The fast and furious second movement revealed a few intonation wobbles at the beginning, but its passionate nature was revealed with no holds barred. Very soon the players proved that they are very skilled musicians. Ray Ong (16, from Westlake Boys’ High School, Mathias Balzat (14, home-schooled) and Delvan Lin (14, from King’s College) seem to have technique and interpretation to burn. In a radio interview with Eva Radich broadcast on Monday, they were asked how they were able to identify with such music, given their short experience of life and the music’s emotional
intensity. Balzat answered “The more you listen to it, the more you understand it”.
What was astonishing was how the performers were able to reveal their understanding of this music. At some points Balzat’s cello sobbed; all the players created wonderful subtleties of dynamics and phrasing. The playing was always vigorous and confident, even in soft passages. There was much playing well down the finger-board for the cellist, and use of harmonics. It was notable how this young man frequently watched the violinist, and the pianist too, making for superb ensemble. He seemed hardly to look at his score. This was a factor that distinguished the trio from other finalists.
The fourth movement began with a pizzicato dance, in which the string players were very lively and accomplished. There was no let-up in the music’s driving force. Spiccato passages and the beautiful, soft pizzicato ending were absolutely together.
The bleakness of Shostakovich’s thoughts on the loss of his friend was clearly expressed. This performance was of professional standard, and the audience and the judges knew it; Sollertinsky Trio was awarded the winner’s prize.
While they were considering their decision, the winner of the New Zealand Music Award, Conspiratus from Diocesan School for Girls in Auckland, played their commissioned work Modus Vivendi by David Hamilton. This was a septet, with clarinet, bassoon, saxophone, trumpet, cello,
double bass and piano. A spiky opening on trumpet with mute was accompanied by pizzicato cello and bass, in a syncopated rhythm. The piece was very lively and rhythmic. Jazz elements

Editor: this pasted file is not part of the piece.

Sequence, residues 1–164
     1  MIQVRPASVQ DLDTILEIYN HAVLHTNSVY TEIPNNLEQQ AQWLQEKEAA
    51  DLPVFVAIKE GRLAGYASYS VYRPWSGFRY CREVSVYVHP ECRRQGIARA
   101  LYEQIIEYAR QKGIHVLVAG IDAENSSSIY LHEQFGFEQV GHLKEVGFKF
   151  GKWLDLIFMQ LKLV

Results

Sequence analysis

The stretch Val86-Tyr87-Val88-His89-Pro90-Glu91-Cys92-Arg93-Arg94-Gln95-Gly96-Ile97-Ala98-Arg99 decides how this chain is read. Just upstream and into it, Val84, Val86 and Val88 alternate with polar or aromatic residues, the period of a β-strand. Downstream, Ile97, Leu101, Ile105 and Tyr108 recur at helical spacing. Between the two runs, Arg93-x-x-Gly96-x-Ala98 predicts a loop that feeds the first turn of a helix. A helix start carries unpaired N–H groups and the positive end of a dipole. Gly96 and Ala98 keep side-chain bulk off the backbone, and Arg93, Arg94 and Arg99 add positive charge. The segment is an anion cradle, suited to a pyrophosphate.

featured in this thoroughly delightful work.
The players’ timing was absolutely spot on; the saxophone produced plenty of timbre and dynamic contrast, but all played splendidly.
In her brief remarks representing the judges (the others being Diedre Irons and Andrew Joyce) Bridget Douglas spoke of the maturity and technical accomplishment of the finalists. There were two awards for composition; unfortunately neither work was performed in the concert. I sat next to Senior winner William Swan and his father from Invercargill. Apparently no group could be found to perform it.
The Junior winner (though the same age as William Swan and a year his senior at school) was Samuel Broome from Hastings.
The other award was the Marie Vandewart Memorial Award, in recognition of outstanding service and commitment to fostering the love of chamber music. This was won by Gillian Bibby of Wellington, a lifelong advocate, administrator and coach of chamber music. In her acceptance speech, Gillian referred to the alarming paucity of music in primary schools compared with a number of years ago, and the need to address that. She postulated that wider education in music would be an instrument of world peace.
Other speeches were from Roger King, new chairman of Chamber Music New Zealand, Chris Finlayson, Minister for Arts, Culture and Heritage, and Kerry Prendergast, representing sponsor the New Zealand Community Trust.
While the winning group well deserved their prize, music was the winner overall, with around 1700 musicians taking part in the regional contests (15 of them).